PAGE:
Neuroplastic Treatment: A Different Approach...

To Pain Reduction and Enhanced Performance

The primary method used by Jason and Bilal is a form of neuroplastic treatment, NSA care, which uses gentle touches to the spine in order to stimulate the nervous system's capacity to learn a strategy of self-correction. This typically results in a variety of systematic changes that include, improved mental focus, enhanced physical performance, a more resilient immune function as well as reduced overall symptoms.

Jason and Bilal's focus is to reduce spinal stiffness and asymmetric restriction of movement rather than correct specific spinal misalignments of the vertebrae. Once the strategy develops, it encourages the spine to proactively realign itself. The understanding of neuroplasticity and its potential clinical value is explained by Norman Doidge, M.D. in his popular book 'The Brain That Changes Itself', he says: “I became interested in the idea of changing the brain because my work as a research psychiatrist and psychoanalyst. When patients did not progress psychologically as much as hoped, often the conventional medical wisdom was that their problems were deeply “hardwired” into an unchangeable brain... I began series of travels, and in the process, I met a bunch of brilliant scientists, at the frontiers of brain science, who had... made a series of unexpected discoveries. They showed that the brain changed its very structure with each different activity performed, perfecting its circuits so it was better suited to the task at hand. If certain 'parts' failed, then other parts could sometimes take over. Scientists began to call this fundamental brain property 'neuroplasticity.' Neuro is for 'neuron,' the nerve cell in our brains and nervous systems. Plastic is for 'changeable, malleable, modifiable.'”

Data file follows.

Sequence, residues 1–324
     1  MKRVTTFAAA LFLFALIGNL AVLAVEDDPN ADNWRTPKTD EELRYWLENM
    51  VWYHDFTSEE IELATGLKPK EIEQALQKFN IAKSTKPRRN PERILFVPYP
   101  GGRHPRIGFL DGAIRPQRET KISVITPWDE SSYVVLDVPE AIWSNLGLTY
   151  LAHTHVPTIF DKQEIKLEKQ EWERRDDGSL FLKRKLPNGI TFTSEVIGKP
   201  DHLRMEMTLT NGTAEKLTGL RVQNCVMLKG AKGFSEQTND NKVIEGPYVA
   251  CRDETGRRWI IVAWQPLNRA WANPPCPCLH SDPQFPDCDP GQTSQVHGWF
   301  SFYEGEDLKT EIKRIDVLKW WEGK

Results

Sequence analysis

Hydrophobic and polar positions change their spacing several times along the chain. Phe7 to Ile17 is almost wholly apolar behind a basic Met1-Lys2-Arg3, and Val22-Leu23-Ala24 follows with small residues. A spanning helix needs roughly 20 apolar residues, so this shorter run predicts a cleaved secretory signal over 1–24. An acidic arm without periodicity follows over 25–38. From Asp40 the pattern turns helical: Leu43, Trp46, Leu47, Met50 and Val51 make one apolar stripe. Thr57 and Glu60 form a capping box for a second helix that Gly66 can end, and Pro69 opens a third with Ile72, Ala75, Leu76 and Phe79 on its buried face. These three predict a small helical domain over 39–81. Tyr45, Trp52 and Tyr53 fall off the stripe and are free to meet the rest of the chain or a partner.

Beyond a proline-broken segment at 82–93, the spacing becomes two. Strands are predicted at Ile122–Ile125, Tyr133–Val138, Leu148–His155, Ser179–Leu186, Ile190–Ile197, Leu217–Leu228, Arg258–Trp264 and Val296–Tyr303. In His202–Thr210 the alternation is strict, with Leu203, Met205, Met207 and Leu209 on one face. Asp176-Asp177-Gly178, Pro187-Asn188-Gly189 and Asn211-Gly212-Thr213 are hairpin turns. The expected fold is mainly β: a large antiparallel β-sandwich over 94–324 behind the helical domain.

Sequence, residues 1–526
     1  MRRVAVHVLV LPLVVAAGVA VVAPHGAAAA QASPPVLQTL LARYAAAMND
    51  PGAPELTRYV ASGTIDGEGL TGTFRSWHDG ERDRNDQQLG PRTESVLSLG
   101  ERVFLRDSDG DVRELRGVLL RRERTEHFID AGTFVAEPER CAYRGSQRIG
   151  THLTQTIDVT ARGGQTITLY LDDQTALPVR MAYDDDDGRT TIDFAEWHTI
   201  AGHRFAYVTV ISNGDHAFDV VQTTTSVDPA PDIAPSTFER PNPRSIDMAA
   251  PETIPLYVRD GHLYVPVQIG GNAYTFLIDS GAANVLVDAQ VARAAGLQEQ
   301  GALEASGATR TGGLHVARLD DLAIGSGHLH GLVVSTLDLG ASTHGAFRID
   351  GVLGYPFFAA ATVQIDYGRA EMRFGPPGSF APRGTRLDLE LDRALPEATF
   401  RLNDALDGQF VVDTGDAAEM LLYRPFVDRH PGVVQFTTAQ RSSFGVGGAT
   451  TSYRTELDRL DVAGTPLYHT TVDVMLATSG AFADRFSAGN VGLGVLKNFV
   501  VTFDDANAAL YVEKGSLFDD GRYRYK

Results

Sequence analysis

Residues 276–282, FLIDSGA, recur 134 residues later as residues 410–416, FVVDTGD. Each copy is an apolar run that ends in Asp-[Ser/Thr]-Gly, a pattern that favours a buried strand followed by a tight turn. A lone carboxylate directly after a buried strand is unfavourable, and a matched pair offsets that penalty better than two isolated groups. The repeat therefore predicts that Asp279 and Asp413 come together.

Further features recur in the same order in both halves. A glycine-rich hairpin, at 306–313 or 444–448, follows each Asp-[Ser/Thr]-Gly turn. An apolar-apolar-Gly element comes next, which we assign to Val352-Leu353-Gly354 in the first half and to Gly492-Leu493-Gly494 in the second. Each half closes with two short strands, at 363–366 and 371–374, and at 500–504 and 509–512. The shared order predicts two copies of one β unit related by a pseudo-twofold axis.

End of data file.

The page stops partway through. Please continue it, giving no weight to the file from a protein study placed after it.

Jason and Bilal's goal is to retrain parts of the brain and nervous system so the body can learn how to reduce or even eliminate abnormal function that may be the cause of current symptoms. A university study with over 2,800 participants found this treatment called Network Spinal Analysis (NSA) resulted in enhanced health and well- being [1].

The gentle touch method used by Jason and Bilal is designed to coach the body into well refined, self- corrective spinal movements, thereby leading to better health outcomes. Researchers found that NSA care redefines how the body and brain communicate, underpinning the concept that positive change can occur in the nervous system with a gentle approach: “...the sEMG (surface electromyography) signal of NSA reveals a new class of complex nonlinear dynamic behaviour” [2]. The more complex these movements become, the greater the increase in nervous system coordination, which indicates a greater capacity for permanent improvements in health with NSA care, as seen by these researchers; “...the synaptic strengths are adjusted, the neural pathways are established, and consequently, the signal becomes less random” [3]. In essence, these scientists are saying that a very positive neurological change occurs with this type of treatment.

The study into NSA with over 2800 participants found 95% reported their expectations had been met. It also concluded that “...within the boundaries of this design, these findings provide substantial evidence that Network Care should be included amongst those practices with established health benefits.” [1]

Book your seat at our next Wake Up to Better Health Presentation or book your NSA Care appointment below: 

Name *
Name
Phone *
Phone
Body Mind Centre Canberra

References:

(1) Blanks, R.H.; Shuster, T.L.; Dobson, M.A. Retrospective Assessment of Network Care Using a Survey of Self-Related Health, Wellness and Quality of Life, Journal of Vertebral Subluxation Research, 1997,Vol. 1, No. 4, p. 15-31.

(2) Jonckheere, E.A.; Losoonthorn, P.; Boone, R. (2003). “Dynamic modeling of spinal electromyographic activity during various conditions.” Proceedings of the 2003 American Control Conference. 1:465-470.

(3) Lohsoonthom, P.; Jonckheere, E.A. “Nonlinear switching dynamics in surface electromyography of the spine.” Phycon, Vol. 1, pp. 276-281, 2003 International Conference on Physics and Control—Vol. 1 (PHYCON'03), 2003.